The Manta's Underwater Dance
By Lauren Cutler, Expedition Leader on the Safari Explorer
It is an evening of both anticipation and excitement as everyone gathers on the back deck. We have all squeezed into our neoprene wetsuits and are now loading up into the skiffs as the hot Hawaiian sun bids her aloha before tucking down below the everlasting horizon. As night approaches, a spectacular array of navigation lights, dive lights and glow sticks set the scene. A large circle of boats set the scene as we get ready to slide into our snorkel for the night.
The ocean is lit with an ethereal glow. Within the water column are silvery schools of aholehole (Hawaiian flagtail fish) circling in the lights. In a few moment's time, dark shadows begin to glide under the lights—the show has begun. Coastal manta rays (Manta alfredi) dance underneath our boards as if it was an underwater ballet. The mantas, however, are not here to perform for us but to come feed on tiny microorganisms called plankton.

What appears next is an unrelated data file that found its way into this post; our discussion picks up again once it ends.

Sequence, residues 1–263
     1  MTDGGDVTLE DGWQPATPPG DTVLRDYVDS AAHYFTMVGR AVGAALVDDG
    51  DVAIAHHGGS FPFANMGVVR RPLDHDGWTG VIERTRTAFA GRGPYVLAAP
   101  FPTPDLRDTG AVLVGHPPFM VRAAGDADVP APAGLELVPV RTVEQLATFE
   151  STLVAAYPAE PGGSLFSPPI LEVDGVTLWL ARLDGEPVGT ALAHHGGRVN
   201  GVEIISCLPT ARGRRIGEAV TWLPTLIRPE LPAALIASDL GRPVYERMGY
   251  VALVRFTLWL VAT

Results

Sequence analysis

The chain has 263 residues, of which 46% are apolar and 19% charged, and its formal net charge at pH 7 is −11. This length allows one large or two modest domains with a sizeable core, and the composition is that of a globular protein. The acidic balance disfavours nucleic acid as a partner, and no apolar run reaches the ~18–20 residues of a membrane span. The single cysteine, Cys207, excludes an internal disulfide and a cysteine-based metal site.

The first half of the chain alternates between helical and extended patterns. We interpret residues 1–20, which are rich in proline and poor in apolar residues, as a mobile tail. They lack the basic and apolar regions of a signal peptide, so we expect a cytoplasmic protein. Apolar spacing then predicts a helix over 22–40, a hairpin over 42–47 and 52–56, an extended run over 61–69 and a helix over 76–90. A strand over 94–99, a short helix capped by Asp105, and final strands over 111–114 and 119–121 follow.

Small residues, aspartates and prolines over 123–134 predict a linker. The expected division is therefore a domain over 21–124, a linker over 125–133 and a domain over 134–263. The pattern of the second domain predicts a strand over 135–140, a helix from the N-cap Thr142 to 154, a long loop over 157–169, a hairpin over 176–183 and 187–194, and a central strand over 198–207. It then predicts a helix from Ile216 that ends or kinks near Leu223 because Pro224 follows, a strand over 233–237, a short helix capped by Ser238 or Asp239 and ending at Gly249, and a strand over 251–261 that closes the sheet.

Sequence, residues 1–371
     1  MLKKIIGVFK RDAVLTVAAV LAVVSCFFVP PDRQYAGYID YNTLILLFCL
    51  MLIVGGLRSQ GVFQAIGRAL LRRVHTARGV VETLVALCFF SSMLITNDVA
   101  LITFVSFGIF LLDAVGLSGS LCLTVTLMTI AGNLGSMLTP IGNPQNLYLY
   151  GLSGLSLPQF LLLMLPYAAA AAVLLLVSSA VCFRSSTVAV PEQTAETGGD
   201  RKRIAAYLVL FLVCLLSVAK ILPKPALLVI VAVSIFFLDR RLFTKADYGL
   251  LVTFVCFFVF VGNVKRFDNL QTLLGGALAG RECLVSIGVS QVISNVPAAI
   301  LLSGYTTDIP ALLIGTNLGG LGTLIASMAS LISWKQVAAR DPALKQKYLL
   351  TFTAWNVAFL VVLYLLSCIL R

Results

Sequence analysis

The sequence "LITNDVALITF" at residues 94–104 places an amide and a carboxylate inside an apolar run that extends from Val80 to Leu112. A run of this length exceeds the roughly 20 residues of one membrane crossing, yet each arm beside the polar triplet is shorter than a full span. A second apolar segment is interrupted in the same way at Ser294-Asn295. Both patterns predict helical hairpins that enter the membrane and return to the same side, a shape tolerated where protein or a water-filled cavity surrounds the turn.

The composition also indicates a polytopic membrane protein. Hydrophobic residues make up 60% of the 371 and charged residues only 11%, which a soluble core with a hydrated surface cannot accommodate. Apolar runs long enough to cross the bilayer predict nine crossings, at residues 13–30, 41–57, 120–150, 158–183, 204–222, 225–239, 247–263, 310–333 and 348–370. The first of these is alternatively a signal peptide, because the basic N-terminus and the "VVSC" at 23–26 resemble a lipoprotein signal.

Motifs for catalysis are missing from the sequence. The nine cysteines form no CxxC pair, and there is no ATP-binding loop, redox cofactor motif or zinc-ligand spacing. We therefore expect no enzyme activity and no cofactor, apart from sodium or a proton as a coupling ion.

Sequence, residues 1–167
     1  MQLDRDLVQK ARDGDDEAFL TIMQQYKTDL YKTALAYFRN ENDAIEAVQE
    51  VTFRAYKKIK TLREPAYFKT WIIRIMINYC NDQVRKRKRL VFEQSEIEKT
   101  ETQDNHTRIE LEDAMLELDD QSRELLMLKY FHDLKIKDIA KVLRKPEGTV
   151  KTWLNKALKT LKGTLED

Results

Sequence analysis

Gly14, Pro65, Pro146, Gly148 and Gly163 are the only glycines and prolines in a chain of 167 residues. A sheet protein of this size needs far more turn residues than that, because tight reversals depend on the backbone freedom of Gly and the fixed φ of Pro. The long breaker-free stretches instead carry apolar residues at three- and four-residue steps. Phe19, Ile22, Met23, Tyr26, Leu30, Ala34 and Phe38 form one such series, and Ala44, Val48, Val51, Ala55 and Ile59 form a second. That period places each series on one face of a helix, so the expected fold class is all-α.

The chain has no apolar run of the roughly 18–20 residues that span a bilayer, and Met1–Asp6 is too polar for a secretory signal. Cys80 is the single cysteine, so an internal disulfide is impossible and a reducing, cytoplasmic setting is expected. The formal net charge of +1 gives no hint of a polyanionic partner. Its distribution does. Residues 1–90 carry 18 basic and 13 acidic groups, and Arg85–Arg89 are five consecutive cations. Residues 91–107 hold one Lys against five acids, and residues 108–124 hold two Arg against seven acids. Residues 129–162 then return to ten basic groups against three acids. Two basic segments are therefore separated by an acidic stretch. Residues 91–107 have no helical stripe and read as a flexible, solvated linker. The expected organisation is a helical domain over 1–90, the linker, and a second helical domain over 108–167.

Phytoplankton, a plant-based plankton, is attracted to the dive lights in an ill-attempt to photosynthesize. Then, zooplankton, animal-based plankton, come in and feed on the phytoplankton; the plankton almost look as if they were little pieces of snow shaken up inside of a snow globe.
After a few moments of floating atop the water, I hear a shriek of excitement—the show has begun. A large female manta swoops in over the divers, scooping up as much plankton as possible before she moves up the water column and dances underneath our lights. These giant creatures move effortlessly with such grace and beauty, it is no wonder why it is called the underwater ballet.
Everyone watches in wonderment. Time passes quickly as we are captivated by the otherworldly experience, and soon we must return to the ship.
Once back on board, everyone seems to have a whimsical smile on their faces. The manta ray night snorkel is definitely the opportunity of a lifetime.